Taking a chance on the premed


This is a repost, from a while ago, and particularly apt at the beginning of the semester as we may be recruiting new students into our labs.

What criteria do you have for bringing in premeds to do research in your lab?

There are so many reasons to keep away from premeds. For starters, premeds are more prone to:

  1. want research “experience” but don’t want to do actual research
  2. drop lab duties at the drop of a hat whenever an A- might happen
  3. walk away as soon as they think their stellar recommendation letter is a lock

Of course it’s unfair to apply these stereotypes to actual human beings. Even if they are premeds.

It’s difficult to filter unmotivated students, because I have known so many premeds that have been quick to feign interest. But you can’t do research for long if you don’t love it. The bottom line is that if I’m going to invest into a student, I want them to stick around. When you take on a premed, you’re taking a bigger chance that the investment won’t pay off in terms of data productivity. There are enough non-premeds in my midst that I can wholly avoid premeds, when properly identified. But I still accept them on occasion.

I can think of only one good reason to take on a premed. But it’s a really good reason. You can convert them. It’s tempting. After all, most premeds don’t go to med school, and their premed experience is a big mistake. You can rescue these students early on. You can show that a becoming a scientist is a real option. It gives you the opportunity to make a genuine difference in someone’s life.

Early on, I got burned plenty of times. But I had some successes, and now I have a better spidey sense when a premed is looking for a route off the path that they (or their families) have created. My main motivation is karmic. In retrospect, I still have no idea why I was a premed environmental biology major. The professor who took the chance on me is still an excellent mentor to me, and I like to think that it’s my duty to pass the favor along to her academic grandkids.

5 thoughts on “Taking a chance on the premed

  1. Don’t think you necessarily need to convert them. Fine for students to go on and do their own thing. Just have to be clear upfront about the expectations. Also, I have found that doing research on something “different” gave the students something to talk about and be distinctive at med school interviews. Certainly the involvement in the publication process didn’t hurt either. And, from my point of view, I would rather my doctor have a real sense of the scientific process and what discovery means, ethics, questioning assumptions, etc… so I find I’ve had pretty good pre-med student experiences.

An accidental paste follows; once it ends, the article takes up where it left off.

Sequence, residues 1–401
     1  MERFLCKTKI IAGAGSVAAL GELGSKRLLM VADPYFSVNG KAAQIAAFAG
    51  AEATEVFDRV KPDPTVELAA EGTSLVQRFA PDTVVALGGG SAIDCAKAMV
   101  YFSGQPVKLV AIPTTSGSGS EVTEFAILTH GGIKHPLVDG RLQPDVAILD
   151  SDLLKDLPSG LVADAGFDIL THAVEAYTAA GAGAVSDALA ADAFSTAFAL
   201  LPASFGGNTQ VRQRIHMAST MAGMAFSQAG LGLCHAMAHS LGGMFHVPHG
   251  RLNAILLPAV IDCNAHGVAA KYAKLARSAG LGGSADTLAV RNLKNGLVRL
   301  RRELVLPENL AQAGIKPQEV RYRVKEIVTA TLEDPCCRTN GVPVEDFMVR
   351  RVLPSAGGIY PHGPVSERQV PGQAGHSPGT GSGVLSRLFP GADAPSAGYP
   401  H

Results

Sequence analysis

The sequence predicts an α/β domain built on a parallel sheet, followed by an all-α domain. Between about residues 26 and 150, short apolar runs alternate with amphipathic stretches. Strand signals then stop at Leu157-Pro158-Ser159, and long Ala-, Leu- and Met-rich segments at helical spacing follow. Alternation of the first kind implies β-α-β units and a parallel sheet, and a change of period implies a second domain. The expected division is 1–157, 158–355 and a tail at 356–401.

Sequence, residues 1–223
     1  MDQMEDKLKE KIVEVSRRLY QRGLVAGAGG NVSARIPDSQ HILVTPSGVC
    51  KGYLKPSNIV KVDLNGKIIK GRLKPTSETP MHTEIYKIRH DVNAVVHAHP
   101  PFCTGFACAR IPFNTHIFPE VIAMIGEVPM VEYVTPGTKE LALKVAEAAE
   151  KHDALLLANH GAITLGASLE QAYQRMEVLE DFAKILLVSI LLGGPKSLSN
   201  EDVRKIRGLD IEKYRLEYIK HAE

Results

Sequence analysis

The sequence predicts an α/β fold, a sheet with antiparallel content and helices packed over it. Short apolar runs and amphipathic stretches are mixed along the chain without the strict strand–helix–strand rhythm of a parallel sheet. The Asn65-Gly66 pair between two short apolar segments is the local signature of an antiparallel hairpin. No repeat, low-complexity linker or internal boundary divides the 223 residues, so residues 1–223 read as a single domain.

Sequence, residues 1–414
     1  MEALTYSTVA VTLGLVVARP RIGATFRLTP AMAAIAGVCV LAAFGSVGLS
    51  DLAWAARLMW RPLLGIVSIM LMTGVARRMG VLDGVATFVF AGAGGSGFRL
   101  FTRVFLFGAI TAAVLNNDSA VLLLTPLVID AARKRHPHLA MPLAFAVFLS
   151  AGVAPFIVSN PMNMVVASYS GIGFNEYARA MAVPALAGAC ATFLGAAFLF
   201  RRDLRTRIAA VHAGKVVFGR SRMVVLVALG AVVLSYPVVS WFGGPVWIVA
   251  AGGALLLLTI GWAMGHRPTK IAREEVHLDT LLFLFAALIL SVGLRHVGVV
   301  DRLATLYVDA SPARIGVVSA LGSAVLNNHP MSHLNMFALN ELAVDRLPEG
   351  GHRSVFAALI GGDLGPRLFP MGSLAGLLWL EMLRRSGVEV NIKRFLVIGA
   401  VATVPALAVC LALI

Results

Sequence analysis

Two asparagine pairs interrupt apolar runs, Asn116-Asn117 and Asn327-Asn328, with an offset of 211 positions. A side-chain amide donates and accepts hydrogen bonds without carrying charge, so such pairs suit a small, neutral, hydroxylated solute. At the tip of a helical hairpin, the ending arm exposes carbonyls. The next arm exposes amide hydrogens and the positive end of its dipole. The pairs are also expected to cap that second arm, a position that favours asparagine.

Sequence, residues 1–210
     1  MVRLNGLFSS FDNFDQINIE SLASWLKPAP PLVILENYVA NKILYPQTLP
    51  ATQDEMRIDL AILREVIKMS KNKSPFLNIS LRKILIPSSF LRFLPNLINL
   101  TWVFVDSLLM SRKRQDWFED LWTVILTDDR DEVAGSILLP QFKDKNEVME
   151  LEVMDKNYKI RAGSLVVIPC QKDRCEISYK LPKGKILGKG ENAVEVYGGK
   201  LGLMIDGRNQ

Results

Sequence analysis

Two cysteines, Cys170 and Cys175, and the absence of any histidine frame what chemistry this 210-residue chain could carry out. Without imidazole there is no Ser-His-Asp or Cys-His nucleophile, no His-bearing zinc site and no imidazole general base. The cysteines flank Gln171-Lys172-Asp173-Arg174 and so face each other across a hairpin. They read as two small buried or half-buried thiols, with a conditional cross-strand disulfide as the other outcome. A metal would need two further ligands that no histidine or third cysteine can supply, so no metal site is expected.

• Well, yeah, there’s no need to convert. It is a very rare undergraduate who is passionate about becoming an M.D., who also happens to do a kickass job in the lab. I’ve seen them, but I’d be reluctant to take one on.

      There’s are conflicts between what is good for you and your lab, and what is good for the students, and what is good for the institution (more on this forthcoming). The school wants its future doctors to be trained in research, and the student wants to have the experience for the med school application. If you’re in this game to provide experiences to pre-meds, and have them be better doctors as a result, that’s *great.* It’s Wonderful. I don’t think I have it in me to train future doctors in research in my lab on a regular basis.

  2. Agree with Romi — I have taken on several pre-meds or other undergrads who are clearly not continuing in basic science, and I love the thought that at least some of them are out there treating patients but also knowing a) how hard it is to do research and b) something about the natural world. Besides, hopefully all of the undergrads will go on to become voters, and some of them may be members of the school board. You never know when they will be able to stand up to a creationist or otherwise defend science and reason.

    • Clearly, training future doctors about research is a particularly valuable public service. No argument there. And, I’m glad that there’s someone who enjoys it! Science literacy, including a direct understanding of how research works, could transform our country in a real positive way.

      My small lab doesn’t have the space for many students, and my time is really divided, and I want to make sure that the students that I take on have the greatest benefit. If I had a bunch of grad students, who wanted to mentor pre-meds, then I’d encourage them and provide support. But, there are enough students whose primary motive to work in the lab (or potential primary motive) is to have a career in research, and I want to influence those students first. If I was at an institution where everybody was a premed, then I’d have premeds in my lab. But I frankly enjoy taking into the lab on-the-fence premeds and students who are genuinely enthusiastic about nature, biodiversity and academic ecology.

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